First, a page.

HAPPY SUNDAY, BIBA READERS!
Last week BIBA was on hiatus due to traveling and working with students at the Conservatory Lab Charter School for an exciting collaboration between their students and Castle of our Skins for the Celebrity Series Dorchester String Fest! COOS is excited to present this project December 1st, and the the two commissioned new works will be performed again December 5th! Details coming soon!
Today, however, is a very special day. It is Veterans Day. And this particular Veterans Day coincides with the first Veterans Day ever, which was called Armistice Day. The first celebration occurred exactly 100 years ago today, the 11th day of the 11th month at the 11th hour, when the Armistice with Germany went into effect (according to Wikipedia) at the end of World War I. Armistice Day was renamed to Veterans day in 1954. With that said, I would like to take this BIBA to honor two Black composers who were Veterans: Chevalier de Saint-Georges and Ed Bland.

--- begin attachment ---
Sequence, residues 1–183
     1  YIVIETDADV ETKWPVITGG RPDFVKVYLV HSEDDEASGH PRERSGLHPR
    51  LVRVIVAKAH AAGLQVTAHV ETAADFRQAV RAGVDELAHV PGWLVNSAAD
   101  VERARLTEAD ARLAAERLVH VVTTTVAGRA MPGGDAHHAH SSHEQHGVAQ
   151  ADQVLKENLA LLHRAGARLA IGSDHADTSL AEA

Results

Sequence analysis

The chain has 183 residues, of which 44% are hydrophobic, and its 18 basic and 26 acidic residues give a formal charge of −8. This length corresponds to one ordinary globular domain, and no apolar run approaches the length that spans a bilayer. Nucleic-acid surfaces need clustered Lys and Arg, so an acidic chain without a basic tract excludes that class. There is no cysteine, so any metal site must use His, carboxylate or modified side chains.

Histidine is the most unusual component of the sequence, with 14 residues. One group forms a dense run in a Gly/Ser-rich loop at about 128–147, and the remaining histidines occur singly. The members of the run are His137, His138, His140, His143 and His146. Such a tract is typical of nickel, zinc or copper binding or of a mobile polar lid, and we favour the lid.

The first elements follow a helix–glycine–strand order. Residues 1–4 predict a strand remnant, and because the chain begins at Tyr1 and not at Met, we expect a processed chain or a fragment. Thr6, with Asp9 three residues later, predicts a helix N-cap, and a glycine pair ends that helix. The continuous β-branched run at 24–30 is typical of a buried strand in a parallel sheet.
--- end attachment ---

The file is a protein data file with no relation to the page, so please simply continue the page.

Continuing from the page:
However, from a young age, Edward senior exposed young Ed Bland to writer discussions with Richard Wright and others, and told Ed to read books by Bertram Russel and others. Consequently, Ed developed an analytical and philosophical mind. He made powerful, controversial statements in his music, in his film “The Cry of Jazz” (available to watch on YouTube), and in his writings, many of which can be found on his website. After his service, he made sure to study philosophy along with music because he was acutely aware that he needed the mental tools to defend his musical decisions. He was a fighter through his music and artistic practice, and a musician in his naval service.
Let’s not forget to honor those veterans in our lives on this Armistice/Veterans Day!